Menstrual cramps are normal and generally benign, but that doesn't mean they're any fun to endure. Instead of popping painkillers all day, you might try a natural herbal remedy to treat the pain and discomfort. Many herbal treatments also may help ease the bloating, water retention and gas that can accompany your period.
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Lemon balm tea is good for relieving both the pain of menstrual cramping and the bloating and digestive upset that sometimes accompanies it. Use 1 ounce of fresh leaves or 1 teaspoon dried leaf per cup of water and drink two or three times a day.
Ginger tea also helps relieve both bloating and cramping. Use two tsp. freshly grated ginger root per cup of water, or use a commercial herbal tea product. Ginger can also be used in a hot compress applied directly to the lower back or abdomen to help increase circulation and relax the muscles. Boil 6 ounce of fresh ginger root in 1 quart of water for about 15 minutes, then soak a washcloth or small towel in the infusion. When it is cool enough to handle, wring out gently and place directly on the skin.
Raspberry leaf tea is used as a general female reproductive tonic. Use 1 teaspoon of dried leaf per cup of water to make the infusion; commercial herbal brands are also widely available.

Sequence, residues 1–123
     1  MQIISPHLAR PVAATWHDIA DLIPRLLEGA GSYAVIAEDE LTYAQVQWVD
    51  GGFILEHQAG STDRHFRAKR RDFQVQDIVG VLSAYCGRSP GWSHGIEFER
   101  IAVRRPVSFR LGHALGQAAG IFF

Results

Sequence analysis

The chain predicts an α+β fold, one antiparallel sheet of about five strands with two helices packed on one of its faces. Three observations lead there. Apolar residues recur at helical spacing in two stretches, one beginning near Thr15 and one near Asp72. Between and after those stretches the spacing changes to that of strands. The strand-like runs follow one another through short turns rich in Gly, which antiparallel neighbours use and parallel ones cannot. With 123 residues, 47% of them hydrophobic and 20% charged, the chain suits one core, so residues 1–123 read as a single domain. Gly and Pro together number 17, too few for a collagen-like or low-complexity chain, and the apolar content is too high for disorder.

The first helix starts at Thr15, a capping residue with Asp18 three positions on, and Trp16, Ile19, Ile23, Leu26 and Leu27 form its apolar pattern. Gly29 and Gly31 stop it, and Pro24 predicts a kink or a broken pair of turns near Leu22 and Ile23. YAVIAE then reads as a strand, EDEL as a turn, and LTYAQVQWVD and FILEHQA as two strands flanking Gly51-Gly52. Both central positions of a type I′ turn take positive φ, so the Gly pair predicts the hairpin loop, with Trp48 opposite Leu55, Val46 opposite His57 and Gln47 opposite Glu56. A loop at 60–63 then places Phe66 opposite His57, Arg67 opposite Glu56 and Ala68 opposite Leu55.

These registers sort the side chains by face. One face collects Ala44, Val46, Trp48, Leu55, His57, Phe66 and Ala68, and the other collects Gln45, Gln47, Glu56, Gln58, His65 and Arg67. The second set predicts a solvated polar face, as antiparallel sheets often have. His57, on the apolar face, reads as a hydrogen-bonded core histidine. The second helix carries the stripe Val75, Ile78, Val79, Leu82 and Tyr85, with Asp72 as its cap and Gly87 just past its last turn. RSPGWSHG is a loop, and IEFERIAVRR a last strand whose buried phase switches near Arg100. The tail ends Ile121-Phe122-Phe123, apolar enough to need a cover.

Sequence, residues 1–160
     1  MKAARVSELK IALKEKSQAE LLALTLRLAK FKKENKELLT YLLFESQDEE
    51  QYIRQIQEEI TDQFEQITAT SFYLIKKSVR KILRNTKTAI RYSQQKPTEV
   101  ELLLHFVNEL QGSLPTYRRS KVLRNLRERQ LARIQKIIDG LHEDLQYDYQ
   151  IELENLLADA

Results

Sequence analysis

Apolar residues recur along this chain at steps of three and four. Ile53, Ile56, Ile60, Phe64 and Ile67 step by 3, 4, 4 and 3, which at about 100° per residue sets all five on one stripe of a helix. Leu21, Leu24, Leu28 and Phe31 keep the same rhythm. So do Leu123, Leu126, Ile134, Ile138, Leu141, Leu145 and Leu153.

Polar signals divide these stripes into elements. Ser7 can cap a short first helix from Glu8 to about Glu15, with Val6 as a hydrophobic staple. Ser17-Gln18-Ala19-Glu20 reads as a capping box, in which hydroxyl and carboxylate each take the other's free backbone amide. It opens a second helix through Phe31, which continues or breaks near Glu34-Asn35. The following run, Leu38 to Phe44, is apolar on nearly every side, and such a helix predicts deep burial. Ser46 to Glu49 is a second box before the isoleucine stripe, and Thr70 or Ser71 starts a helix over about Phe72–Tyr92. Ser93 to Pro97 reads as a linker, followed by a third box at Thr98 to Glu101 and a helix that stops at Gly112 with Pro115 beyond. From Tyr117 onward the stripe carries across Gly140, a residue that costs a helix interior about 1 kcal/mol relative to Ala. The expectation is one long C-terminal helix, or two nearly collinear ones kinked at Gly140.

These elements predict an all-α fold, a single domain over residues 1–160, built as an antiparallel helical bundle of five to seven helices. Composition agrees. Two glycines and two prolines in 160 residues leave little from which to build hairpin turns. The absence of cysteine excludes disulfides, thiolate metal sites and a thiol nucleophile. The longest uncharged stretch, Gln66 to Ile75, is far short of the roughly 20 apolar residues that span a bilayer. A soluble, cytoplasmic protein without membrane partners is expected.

Try an herbal bath to soothe cramps. Mix 1 quart of ginger tea and 1 quart of chamomile tea with your bath water and soak for as long as you like. In this case, it's probably more efficient to use herbal tea bags for the brews.
Massage, Yoga and Acupuncture
A lower back massage can ease menstrual cramping in that area. You might also consider consulting a licensed acupuncturist. Preliminary data published in "BJOG: An International Journal of Obstetrics and Gynaecology" indicates acupuncture may be more effective than over-the-counter pain relievers in countering menstrual cramps. Both yoga and simple stretching can also relieve mild cramping. Try hip circles with 15 or 20 repetitions both clockwise and counterclockwise.